By Sophia Astor

As dawn lit up the sky behind One Fifth Avenue, and water began sputtering from the fountain, Washington Square Park came to life one recent August morning. The lawn sprinklers kicked in, bathing a homeless man sleeping on the grass, while the savvier drier members of his cohort scrambled to their overstuffed shopping carts amid a chorus of expletives.

That’s when the real crazies arrived. Decked out in athletic gear and seemingly unaware they’d be better off in bed, joggers flitted past the trash, sprawled-out crackheads were seemingly unconcerned about the ungodly hour. I stared in disbelief, and counted down the minutes until my favorite bakery opened and I could buy myself a coffee.

Since I write about Washington Square Park, I decided to spend an entire day there, to get a sense of its ebb and flow and really understand the park’s rhythms. At times it was more than I had bargained for.

By 8:00 a.m. I’d had my coffee. The park’s cleaners were still picking up trash and scrubbing down benches, some chess players and musicians began to claim their spots, a grizzled older man strummed his guitar before a group of homeless people who paid him little mind. “I don’t play for money, I play to give them whatever peace I can,” said the man who would identify himself only as Paul. His friend Uros Markovic, sitting beside a drum kit, elaborated: “We are the agents of love in this park.”

The police showed up around 9:00 a.m. and their presence brought in a whiter, wealthier crowd of mothers with babies in strollers, early rising tourists, and dog walkers. Still, the park seemed kind of empty; and as the day progressed I realized most of the vendors were gone. Debbie Boar, who sells earrings, explained that the cops were now cracking down on anyone who wasn’t selling art. That’s why she was calling her earrings sculptures. “I thought I knew this park, and then I started selling here,” said Boar, who has lived in the neighborhood for 17 years but only recently began working in the park. “Now I know all the homeless people, all the little fights that happen.”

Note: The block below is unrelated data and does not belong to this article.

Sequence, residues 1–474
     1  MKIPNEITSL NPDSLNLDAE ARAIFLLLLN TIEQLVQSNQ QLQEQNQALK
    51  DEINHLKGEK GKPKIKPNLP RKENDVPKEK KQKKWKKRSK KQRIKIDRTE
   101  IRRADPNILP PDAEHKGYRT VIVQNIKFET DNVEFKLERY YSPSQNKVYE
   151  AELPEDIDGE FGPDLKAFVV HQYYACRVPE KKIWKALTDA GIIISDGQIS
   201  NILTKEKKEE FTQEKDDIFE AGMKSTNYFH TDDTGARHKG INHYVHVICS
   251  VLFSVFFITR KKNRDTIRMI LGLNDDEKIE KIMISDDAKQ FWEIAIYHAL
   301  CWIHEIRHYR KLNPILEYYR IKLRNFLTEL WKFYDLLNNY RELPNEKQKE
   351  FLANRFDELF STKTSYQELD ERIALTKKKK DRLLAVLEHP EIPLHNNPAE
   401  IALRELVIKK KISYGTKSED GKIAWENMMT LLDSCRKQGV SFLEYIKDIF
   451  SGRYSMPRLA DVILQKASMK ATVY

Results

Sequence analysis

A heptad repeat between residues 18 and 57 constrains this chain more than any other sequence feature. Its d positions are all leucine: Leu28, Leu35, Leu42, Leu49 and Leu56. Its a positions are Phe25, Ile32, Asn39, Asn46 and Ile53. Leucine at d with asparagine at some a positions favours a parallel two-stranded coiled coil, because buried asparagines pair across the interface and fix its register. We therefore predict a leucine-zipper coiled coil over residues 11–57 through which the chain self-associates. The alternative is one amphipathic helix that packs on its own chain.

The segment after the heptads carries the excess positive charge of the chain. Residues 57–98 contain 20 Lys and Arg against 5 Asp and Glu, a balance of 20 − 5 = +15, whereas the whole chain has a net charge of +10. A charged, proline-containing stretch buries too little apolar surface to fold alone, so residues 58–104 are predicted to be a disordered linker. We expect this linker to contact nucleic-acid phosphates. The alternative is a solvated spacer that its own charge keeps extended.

BERNARDO MANZOLILLO AND HAYLIN DAVIS HANGING OUT at Washington Square Park. Photo by Sophia Astor.

As the day progressed, the park filled with musicians, photo-snapping tourists, and NYU tours. Groups of friends filled the benches and lawns and, at one point, models repping the futuristic clothing brand Phenotype put on an impromptu fashion show.

“I think Kanye West is here,” whispered someone behind me. He wasn’t.

Evening came, and with it, more vendors, including Salem Coste and Josephine Lappe, two teenage girls selling old clothes, until they were kicked out by park rangers.

“We don’t sell much unless we’re here for like six hours,” said Lappe, “but we usually get kicked out before that. It happens all the time.”

The weed dealers, only a few feet away, however, were left alone.

As the sun began to set, smoke and music filled the park, along with entertainers and extroverts. Some people put on light shows for the crowds, and a man riding a unicycle tried hard to avoid any collisions.

Around midnight I started home. But I knew that in a few hours the sprinklers would turn back on and the mess would be swept away again. It reminded me of an old song by Melvin Van Peebles: “No it ain’t some kind of ill wind, No, it ain’t the world coming to an end, Just the apple stretching and yawning, just morning, New York putting its feet on the floor.”

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